D Nabi, S Tak, M Mir, M Halwai, K Kangoo, A Kawoosa, Asif
D Nabi, S Tak, M Mir, M Halwai, K Kangoo, A Kawoosa, Asif. Fish Hook Injury of Hand: Should Home Removal be Attempted?. The Internet Journal of Orthopedic Surgery. 2007 Volume 9 Number 1.
A 35 year-old male with a fish hook injury to his left hand presented to the Orthopedic casualty with a bleeding hand and holding a large fish hook with other hand, the shank of which was deeply embedded in the first web space. Multiple attempts to remove the hook at home had failed. After rotating the hook deeper and disengaging the barb from the tissue, it was backed out along the path of entry. Home removal by unqualified persons should strongly be discouraged and the patients should be referred to specialized surgical units for atraumatic removal and further management.
Fishing is recreational activity enjoyed by millions of people worldwide. Although uncommon in developing countries it is a popular pastime in the Western world. Because of their design and nature, accidental impalement with fishhooks poses problems with removal. Often, the hook cannot be removed by the patient because of the barbs. All fishhook injuries require careful evaluation of surrounding tissue before attempting removal. 1 Most of the reports of fish hook injuries have been the focus of the ophthalmologists. 2,3,4. We report a case of fish hook injury to the hand and discuss the management and complications of this unique injury.
A 35 year-old male sustained a fish hook injury to his left hand. He presented to the Orthopedic casualty after a period of four hours, with a bleeding hand and holding a large fish hook with other hand, the shank of which was deeply embedded in the first web space( Fig.1 )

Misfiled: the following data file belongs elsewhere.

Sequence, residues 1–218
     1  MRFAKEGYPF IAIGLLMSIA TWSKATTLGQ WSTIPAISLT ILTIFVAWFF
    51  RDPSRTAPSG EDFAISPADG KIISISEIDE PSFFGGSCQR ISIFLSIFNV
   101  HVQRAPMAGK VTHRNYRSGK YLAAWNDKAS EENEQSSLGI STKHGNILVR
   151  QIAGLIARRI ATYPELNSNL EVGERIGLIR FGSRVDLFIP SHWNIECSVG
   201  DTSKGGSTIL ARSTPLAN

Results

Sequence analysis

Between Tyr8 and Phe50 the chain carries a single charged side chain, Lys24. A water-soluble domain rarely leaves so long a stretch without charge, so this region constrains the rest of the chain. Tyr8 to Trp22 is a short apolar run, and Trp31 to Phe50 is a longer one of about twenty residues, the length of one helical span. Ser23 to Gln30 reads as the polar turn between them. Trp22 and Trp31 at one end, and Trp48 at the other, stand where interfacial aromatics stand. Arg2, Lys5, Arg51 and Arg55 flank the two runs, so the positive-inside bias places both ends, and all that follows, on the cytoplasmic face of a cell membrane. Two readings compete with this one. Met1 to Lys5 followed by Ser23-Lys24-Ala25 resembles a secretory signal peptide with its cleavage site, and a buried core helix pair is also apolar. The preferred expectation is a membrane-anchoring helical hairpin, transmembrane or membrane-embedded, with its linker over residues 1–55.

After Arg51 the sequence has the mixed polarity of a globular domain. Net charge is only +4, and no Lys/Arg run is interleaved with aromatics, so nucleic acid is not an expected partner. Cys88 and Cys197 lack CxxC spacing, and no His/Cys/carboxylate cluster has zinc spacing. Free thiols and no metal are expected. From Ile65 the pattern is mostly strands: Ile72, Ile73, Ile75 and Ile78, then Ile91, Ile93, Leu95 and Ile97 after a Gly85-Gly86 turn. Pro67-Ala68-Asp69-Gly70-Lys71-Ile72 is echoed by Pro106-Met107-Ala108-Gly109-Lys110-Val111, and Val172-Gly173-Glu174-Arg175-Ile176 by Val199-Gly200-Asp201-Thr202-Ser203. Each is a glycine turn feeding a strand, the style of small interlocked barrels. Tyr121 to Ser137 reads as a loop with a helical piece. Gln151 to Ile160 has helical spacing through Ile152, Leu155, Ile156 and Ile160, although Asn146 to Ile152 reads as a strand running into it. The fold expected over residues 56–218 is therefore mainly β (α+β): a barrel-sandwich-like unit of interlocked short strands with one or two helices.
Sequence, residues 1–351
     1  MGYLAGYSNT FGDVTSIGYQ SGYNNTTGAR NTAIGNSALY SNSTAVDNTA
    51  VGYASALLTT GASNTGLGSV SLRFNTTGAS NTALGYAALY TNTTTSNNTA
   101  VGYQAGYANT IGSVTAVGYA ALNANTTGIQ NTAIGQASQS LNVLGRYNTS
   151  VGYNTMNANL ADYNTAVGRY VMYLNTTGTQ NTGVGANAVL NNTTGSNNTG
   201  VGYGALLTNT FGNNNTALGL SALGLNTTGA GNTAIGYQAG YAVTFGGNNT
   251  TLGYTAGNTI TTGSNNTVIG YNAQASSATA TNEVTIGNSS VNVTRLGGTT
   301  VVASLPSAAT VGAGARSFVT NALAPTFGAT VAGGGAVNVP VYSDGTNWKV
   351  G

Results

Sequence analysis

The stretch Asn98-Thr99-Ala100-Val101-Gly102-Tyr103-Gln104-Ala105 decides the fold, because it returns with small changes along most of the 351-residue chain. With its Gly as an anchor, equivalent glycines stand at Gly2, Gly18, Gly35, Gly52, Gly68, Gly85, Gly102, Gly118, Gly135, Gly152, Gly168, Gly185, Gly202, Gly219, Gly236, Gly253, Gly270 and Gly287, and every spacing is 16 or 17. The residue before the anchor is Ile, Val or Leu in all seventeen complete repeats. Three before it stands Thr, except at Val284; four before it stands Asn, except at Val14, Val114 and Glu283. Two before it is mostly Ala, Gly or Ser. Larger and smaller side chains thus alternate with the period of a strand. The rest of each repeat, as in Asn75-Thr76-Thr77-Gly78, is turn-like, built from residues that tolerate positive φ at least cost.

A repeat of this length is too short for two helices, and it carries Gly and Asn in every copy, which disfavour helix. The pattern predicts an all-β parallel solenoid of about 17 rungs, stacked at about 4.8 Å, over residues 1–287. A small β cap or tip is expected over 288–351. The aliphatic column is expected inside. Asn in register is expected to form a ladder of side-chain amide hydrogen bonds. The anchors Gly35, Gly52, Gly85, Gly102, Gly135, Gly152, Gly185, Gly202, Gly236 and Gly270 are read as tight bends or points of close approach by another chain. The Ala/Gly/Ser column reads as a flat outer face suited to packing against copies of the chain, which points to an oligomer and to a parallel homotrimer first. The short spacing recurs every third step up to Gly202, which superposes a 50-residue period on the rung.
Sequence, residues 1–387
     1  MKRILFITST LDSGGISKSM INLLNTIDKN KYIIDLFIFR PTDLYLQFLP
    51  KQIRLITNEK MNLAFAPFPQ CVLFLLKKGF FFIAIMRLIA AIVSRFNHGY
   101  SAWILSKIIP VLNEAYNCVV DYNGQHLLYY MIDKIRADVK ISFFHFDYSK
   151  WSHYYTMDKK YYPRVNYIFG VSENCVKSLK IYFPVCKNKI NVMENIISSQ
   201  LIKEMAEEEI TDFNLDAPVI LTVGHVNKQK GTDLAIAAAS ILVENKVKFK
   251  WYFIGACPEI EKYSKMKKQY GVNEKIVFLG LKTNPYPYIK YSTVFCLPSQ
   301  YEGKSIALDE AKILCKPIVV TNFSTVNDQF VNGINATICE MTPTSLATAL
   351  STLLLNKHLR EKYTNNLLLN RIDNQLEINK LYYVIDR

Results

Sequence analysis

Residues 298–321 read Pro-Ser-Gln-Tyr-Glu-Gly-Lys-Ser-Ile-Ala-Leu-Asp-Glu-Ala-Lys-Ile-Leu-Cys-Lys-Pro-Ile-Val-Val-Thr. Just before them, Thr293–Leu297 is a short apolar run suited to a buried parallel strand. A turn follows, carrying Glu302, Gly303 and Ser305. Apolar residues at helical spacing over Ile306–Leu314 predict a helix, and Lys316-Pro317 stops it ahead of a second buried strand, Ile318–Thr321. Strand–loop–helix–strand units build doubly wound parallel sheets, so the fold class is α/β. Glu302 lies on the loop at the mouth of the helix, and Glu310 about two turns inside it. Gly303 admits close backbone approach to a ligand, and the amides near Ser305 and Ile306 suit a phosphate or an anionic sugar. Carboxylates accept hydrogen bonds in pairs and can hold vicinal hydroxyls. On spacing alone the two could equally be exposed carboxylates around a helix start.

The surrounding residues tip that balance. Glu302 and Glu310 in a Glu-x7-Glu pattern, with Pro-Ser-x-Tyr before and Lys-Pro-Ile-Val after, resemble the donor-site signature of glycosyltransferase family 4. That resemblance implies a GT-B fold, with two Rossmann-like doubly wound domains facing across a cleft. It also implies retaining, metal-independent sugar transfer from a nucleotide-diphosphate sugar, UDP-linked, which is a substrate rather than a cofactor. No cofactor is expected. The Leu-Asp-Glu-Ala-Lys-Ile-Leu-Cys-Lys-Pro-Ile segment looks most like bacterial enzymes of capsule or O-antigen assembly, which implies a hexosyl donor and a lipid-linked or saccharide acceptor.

Before presenting to the hospital, many attempts by his friends to remove the hook were not successful. An attempt by the junior specialist resident in the emergency examination room was of no use. An examination by senior resident revealed that a shank of the fish hook had pierced the dorsal aspect of the first web space. After advising the radiographs . The patient was shifted to operation theatre. The patients had no documentation of tetanus immunization so was immunized. Local anesthesia was infiltrated around the embedded part of the hook. Thorough cleaning of the wound, hook and whole limb was done with saline irrigation and povidone-iodine.
After small extension of skin wound, the hook was removed with the simple back out, a traumatic technique. After rotating the hook deeper and disengaging the barb from the tissue, it was backed out of the skin along the path of entry. (Fig. 2)
The wound was again washed, examined for the presence of possible foreign material and left open. The patient was discharged on oral prophylactic antibiotic therapy with the advice to attend the hospital every alternate day. The wound healed without any complication and patient resumed his daily activity in three weeks.
Fishing is a popular leisure activity in many parts of the world. Even if you fish carefully, you may get a fishhook in your skin 1 . Fishhook injuries often occur when you remove a slippery, flopping fish from your line. Injury may also occur when you are casting a line, from another person casting a line, or if you walk barefoot near fishing gear. The chance of a fishhook injury increases if you are not familiar with fishing gear. Although fishhook injuries to the limbs are not common, but can cause major damage to muscles, tendons, ligaments, neurovascular structures and bones if an appropriate techniques for its removal is not employed 5 . Fishhook removal from areas such as the eyes, anterior neck, and in close approximation to known neurovascular bundles should be performed by the appropriate specialist. 6